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SAHM - When does it go from Stay -----> to Stuck?

When the kids were little it was fun and I loved my job as a Stay at home. Once I learned they had Autism and were 2-3 yrs behind in maturity and had behavioral issues, it became a struggle. Now they are older (preteens) and my hopes of going back to work full time are dashed and its not fun anymore. I feel more "stuck" at home now. I love the boys dearly but I do feel controlled by them and their Autism and Behavior issues and less freedom to do what I want in life. If that sounds bad, I'm sorry. Just how it feels. I didn't plan on being a SAHM for 18 years straight, just maybe till Middle School started at LATEST.


Asked by Zoeyis at 7:46 AM on Sep. 12, 2010 in General Parenting

Level 31 (46,808 Credits)
This question is closed.
Answers (14)
  • I understand where you are coming from, I have an 11 year old daughter with aspergers/autism....respite care is hard to come by and I have not worked asa nurse for close to 11 years now.....part time work is hard to find, nurse managers dont want to hear that you cant work every shift they have and need you for....I too am a SAHM...hubby has a good job with benefits. As a parent of special needs child I understand that you need to be available for your children, even while they are at school...not very many daycares will take them and my daughter rides a special bus that comes to the house and i have to be there when she gets on in the mornings and off in the afternoons latchkey kids allowed.....I currently run our local autism support group, thats what keeps me busy during the week .
    You can always take some online classes and find some sort of stress reliever...I'm currently learning fencing(foil/engarde) and walking.

    Answer by michaux at 2:32 PM on Sep. 12, 2010

  • Yes, therapists/psychiatrists will often be able to give a referral for respite. However, due to budget cuts in many agencies, respite care can be difficult to find.
    But for the original question - you're "stuck" when you choose to allow yourself to be stuck. Until then, you're not stuck. Use creative thinking to find out what will work for you. Find a part time job during school hours. Find a job during hours when your partner is at home. Find someone to help "babysit".
    And perhaps more important .... you stated that they are whiny, immature, and overly-dependent. They may NEED you to get a job. Not that they'll want it, but it might really be a good thing, even one day a week, to begin to teach them to cope without you constantly there, to allow them to begin to develop some independence.

    Answer by caseyandkids at 9:15 AM on Sep. 12, 2010

  • No, it doesn't sound bad; you obviously have had a lot to deal with. BUMP.

    Answer by FootballMom85 at 7:48 AM on Sep. 12, 2010

  • Have you looked into respite care? We use respite care 1 sat a month for our DS. They play games and have a social skills class and I get 4 hours 'free'. Even though I work I still need that 'break' You know just me time.

    Answer by But_Mommie at 7:58 AM on Sep. 12, 2010

  • is there somehow your dh can rearrange his schedule, to accommodate you to get out more? even if you're just working a cash register at the local tack&feed store? (oh wait, that's the job i'm trying to get..LOL! ) i feel for you..i know you've had it rough,but you're a tough lady (i've read enough of your responses to know this.), and you're probably in a rut right now. maybe its been especially stressful with the new school year, et al.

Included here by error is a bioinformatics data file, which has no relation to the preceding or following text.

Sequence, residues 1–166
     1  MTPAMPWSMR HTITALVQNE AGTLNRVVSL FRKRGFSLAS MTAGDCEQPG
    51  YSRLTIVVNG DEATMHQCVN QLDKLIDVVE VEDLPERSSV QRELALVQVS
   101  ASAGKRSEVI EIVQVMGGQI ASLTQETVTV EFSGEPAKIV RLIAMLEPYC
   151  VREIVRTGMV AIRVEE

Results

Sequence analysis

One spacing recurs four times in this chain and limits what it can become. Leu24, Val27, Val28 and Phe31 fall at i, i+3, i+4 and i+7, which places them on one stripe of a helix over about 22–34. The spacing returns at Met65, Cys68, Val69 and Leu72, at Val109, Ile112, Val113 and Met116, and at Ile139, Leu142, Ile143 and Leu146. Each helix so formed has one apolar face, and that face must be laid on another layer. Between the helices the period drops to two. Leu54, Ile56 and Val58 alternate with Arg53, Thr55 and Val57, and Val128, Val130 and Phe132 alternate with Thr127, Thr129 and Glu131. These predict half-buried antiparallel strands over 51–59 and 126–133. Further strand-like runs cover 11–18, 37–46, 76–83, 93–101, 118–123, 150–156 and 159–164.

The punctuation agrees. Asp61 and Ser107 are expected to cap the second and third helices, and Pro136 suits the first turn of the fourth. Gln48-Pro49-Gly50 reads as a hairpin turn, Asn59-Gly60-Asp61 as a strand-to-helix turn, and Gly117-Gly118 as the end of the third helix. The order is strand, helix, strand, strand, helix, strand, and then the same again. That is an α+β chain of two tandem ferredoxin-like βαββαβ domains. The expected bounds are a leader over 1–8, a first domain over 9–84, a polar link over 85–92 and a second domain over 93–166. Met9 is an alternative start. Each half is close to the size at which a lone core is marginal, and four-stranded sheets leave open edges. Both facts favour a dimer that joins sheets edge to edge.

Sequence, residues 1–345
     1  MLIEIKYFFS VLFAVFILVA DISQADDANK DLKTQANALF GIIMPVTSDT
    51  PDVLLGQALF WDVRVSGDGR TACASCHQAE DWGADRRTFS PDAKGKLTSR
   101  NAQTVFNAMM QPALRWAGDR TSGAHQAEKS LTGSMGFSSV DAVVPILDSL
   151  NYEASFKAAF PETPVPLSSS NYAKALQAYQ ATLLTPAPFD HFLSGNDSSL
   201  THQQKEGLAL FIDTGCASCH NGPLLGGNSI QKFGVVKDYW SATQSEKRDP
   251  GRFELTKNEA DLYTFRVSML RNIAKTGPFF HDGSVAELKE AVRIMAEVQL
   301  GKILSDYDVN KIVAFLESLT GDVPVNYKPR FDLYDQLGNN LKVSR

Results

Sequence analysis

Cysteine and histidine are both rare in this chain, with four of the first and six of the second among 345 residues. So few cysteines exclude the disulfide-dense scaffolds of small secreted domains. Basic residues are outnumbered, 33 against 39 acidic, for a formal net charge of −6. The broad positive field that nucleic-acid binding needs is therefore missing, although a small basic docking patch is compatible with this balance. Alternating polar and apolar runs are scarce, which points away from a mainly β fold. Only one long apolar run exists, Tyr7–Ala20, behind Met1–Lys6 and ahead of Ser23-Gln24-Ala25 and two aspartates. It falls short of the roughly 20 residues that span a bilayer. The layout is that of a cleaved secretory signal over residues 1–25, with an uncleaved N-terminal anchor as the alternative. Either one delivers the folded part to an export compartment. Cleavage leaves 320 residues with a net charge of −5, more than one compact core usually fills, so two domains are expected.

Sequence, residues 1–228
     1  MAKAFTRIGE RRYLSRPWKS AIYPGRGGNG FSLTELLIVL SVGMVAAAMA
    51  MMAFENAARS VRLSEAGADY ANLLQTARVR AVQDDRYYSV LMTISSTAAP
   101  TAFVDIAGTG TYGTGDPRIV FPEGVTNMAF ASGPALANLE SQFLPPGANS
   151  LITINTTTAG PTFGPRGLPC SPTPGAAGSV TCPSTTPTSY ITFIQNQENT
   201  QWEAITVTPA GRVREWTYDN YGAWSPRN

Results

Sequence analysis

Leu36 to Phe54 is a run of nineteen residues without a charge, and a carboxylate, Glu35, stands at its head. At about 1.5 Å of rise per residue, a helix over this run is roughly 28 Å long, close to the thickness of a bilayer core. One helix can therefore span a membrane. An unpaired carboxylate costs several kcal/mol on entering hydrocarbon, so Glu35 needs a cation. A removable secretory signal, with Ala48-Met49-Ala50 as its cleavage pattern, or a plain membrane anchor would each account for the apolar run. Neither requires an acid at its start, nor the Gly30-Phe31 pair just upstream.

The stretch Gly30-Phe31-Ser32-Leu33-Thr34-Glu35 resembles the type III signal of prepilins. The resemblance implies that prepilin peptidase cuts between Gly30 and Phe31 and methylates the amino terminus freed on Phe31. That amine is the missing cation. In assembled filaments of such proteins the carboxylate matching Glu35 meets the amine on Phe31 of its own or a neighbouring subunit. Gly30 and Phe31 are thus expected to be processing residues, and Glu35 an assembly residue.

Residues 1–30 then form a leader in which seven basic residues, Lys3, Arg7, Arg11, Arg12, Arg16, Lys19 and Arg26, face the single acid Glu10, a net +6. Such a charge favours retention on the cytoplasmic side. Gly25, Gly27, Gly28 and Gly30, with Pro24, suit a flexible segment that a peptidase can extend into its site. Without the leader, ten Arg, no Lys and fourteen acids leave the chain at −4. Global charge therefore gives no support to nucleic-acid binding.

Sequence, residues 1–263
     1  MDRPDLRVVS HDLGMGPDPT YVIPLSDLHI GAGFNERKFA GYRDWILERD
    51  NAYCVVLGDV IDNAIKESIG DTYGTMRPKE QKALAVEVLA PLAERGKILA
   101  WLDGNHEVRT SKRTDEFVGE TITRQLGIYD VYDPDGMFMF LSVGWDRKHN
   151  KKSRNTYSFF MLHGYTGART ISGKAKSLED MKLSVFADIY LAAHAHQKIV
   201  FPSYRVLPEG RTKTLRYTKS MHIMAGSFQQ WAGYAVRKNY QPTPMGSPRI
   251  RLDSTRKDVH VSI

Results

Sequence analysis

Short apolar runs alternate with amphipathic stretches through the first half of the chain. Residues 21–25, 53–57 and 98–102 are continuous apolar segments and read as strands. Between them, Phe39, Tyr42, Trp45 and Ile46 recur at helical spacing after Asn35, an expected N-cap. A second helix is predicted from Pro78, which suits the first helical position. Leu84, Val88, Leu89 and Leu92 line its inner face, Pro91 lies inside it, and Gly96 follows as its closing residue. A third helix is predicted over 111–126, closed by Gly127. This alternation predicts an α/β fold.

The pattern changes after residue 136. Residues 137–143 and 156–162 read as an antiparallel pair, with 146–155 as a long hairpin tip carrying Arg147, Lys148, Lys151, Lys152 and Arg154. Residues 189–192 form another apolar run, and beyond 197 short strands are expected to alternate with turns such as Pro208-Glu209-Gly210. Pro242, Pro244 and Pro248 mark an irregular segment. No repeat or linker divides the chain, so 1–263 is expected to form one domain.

if i had any REAL advice for you, i'd share it. but it sounds like i'm talking to myself, too. be encouraged, OP..appreciate the small things, and remember to breath. (that's the best i've got, until my coffee kicks in.)

    Answer by dullscissors at 7:59 AM on Sep. 12, 2010

  • *breathe*

    Answer by dullscissors at 7:59 AM on Sep. 12, 2010

  • There are special programs. Talk to the school guideness counslor. Ask the kids peditrician about programs out there. Also you need to go to some type of support group and find out what is normal with autistic children. Through support groups, your boys may find some friends. Sounds like you are at the end of your rope so it can't hurt to try. Good luck!!!

    Answer by momx3gx1b at 8:05 AM on Sep. 12, 2010

  • lol...i was j/k about the job...but thanks! i've seen how people treat cashiers, and i don't have the discipline to put up with verbal abuse. LOL!

    Answer by dullscissors at 8:33 AM on Sep. 12, 2010

  • Ask your kids' doctors and therapists for leads on respite care. Also Google your state and the words respite care. GL

    Answer by elizabr at 9:15 AM on Sep. 12, 2010

  • Are you involved with your local autism society? I know in NC there is a program called CAP which provides a one on one worker for my son with autism for 45 hours/week when he is out of school, 25 hour/week when he is in school - paid for by the county/state. When you get CAP, you also get non income based Medicaid which covers all of his medical/dental/speech and OT therapy. I would imagine most states have similar programs.
    Also - what happens when they turn 18? Have you looked into adult programs for them? My son is 13 and I'm just starting to look, from what I've seen the prospects of him living anywhere but at home aren't promising!
    I'm assuming they are in school. Can you not get at least a part time job to get you out of the house during their school hours?

    Answer by missanc at 9:43 AM on Sep. 12, 2010